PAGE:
Investor-owned utilities serving the Southeast U.S. are well-positioned to face increasing competition, but the region's municipal joint power agencies and electric co-ops may face serious losses.
That's the finding of a Moody's Investors Service regional study, the fourth in a series.
The "Southeast Electric Break-Even Analysis" estimates $24 billion in stranded costs for the region, with cooperatives and JPAs holding a disproportionately high portion of the per-kilowatt costs.
Moody's found the 12 IOUs and several major municipal electrics to have relatively low stranded costs, resulting in higher bond ratings. The ratings ranged from 'Aa2' to 'A2' for the IOUs. The average U.S. electric utility industry as a whole is rated 'A3.' Four IOUs (em Duke Energy, Alabama Power, Savannah Electric and Mississippi Power (em face no stranded costs. The state-owned South Carolina Public Service Authority is rated 'Aa2' and has minimal stranded costs while two major munis, Orlando Utilities Commission and Jacksonville Electric Authority, both rated 'Aa1,' also have moderate stranded cost exposure.
Tennessee Valley Authority may face some stranded costs should it be privatized, but Moody's believes privatization is unlikely anytime soon. TVA maintains its 'Aaa' rating because it is a government-owned agency and because it's likely Congress would support its debt should it be privatized.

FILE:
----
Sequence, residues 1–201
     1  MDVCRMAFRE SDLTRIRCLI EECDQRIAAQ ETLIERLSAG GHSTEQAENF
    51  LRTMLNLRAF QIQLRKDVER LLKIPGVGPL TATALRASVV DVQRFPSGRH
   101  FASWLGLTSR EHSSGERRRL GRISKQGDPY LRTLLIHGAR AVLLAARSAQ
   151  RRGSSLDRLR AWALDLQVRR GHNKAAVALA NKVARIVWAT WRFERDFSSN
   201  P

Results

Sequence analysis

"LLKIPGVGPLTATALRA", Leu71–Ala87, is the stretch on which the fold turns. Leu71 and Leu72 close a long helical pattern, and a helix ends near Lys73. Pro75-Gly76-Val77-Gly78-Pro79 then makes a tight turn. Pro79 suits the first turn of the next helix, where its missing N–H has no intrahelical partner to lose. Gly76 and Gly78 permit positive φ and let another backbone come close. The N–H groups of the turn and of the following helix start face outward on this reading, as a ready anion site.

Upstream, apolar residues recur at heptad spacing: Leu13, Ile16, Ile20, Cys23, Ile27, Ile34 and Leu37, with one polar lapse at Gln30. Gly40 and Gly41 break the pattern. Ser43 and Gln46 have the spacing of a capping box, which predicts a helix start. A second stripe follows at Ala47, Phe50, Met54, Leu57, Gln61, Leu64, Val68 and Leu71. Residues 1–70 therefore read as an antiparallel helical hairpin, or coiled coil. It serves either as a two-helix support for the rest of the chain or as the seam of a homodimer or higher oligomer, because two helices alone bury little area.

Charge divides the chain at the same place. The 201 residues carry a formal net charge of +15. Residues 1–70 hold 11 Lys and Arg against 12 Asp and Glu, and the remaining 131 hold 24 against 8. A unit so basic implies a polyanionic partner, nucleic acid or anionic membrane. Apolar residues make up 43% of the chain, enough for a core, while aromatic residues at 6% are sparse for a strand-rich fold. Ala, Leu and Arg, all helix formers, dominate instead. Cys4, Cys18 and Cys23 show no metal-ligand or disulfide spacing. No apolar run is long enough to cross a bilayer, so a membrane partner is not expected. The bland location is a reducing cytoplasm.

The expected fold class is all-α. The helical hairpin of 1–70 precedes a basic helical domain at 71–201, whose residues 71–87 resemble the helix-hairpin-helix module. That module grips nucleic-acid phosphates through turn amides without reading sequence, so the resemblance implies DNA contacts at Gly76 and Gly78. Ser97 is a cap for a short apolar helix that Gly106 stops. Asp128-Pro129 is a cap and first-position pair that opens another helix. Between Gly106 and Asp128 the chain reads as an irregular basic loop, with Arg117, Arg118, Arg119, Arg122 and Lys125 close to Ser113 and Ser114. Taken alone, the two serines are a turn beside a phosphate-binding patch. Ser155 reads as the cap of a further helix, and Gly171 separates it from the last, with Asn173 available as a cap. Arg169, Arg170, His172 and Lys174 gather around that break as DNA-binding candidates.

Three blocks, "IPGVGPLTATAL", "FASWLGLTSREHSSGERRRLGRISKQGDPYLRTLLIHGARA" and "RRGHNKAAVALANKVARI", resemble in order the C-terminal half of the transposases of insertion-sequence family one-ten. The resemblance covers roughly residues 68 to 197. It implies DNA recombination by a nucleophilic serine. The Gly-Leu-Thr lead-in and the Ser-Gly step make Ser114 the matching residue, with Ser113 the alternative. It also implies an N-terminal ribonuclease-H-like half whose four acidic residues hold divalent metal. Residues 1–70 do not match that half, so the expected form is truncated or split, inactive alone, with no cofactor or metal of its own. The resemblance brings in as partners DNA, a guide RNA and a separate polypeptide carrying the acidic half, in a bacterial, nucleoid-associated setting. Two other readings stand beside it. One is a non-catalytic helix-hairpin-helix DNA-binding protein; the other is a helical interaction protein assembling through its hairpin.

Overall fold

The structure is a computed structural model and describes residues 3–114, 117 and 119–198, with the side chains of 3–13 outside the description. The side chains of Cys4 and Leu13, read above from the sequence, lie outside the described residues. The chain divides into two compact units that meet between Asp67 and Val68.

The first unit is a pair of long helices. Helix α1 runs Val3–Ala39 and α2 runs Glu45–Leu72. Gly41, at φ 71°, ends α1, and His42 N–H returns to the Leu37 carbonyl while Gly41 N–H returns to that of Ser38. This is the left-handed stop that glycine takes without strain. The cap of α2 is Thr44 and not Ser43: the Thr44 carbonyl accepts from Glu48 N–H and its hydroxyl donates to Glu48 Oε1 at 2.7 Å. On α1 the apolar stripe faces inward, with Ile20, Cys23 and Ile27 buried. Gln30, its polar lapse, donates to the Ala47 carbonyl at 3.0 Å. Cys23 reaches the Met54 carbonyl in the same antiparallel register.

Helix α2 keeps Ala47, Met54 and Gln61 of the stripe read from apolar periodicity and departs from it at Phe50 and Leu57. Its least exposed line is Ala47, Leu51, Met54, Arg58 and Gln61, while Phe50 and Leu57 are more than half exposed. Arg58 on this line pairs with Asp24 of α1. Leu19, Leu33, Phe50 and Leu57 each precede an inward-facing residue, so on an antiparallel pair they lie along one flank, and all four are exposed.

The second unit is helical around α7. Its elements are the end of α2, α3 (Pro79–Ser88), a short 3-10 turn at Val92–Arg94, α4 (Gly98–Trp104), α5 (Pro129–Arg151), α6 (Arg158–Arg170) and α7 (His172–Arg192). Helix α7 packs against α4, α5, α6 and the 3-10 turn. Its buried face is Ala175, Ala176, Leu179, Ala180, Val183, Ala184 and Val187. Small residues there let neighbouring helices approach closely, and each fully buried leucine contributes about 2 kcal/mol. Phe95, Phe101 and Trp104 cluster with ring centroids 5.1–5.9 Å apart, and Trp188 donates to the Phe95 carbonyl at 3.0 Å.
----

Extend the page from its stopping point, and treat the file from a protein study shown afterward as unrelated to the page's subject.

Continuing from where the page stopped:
Moody's reserved its bad news for two North Carolina municipals: North Carolina Eastern Municipal Power Agency, rated 'Baa1,' and North Carolina Municipal Power Agency No 1, rated 'A3.' Moody's found that while the two agencies' potential stranded costs may not be the largest, they add up to more than $1,000 per kilowatt.
The study examines generation's relative costs based on a model for the electric industry developed by Moody's in 1994. The model distinguishes what a utility must charge for energy (em its actual power, measured in kilowatt-hours that customers use (em and what it charges for capacity (em the uninterrupted availability of energy in kilowatts. Break-even is the minimum price a utility must sell electric capacity to cover fixed production costs.
The average break-even price for JPAs is much higher than for those of Southeastern IOUs and munis. North Carolina Eastern Municipal Power Agency has the highest break-even price for installed generation in the region: $363 per kW of capacity; Duke Energy has the lowest break-even price for installed generation, minus $2 per kW. (em LAB
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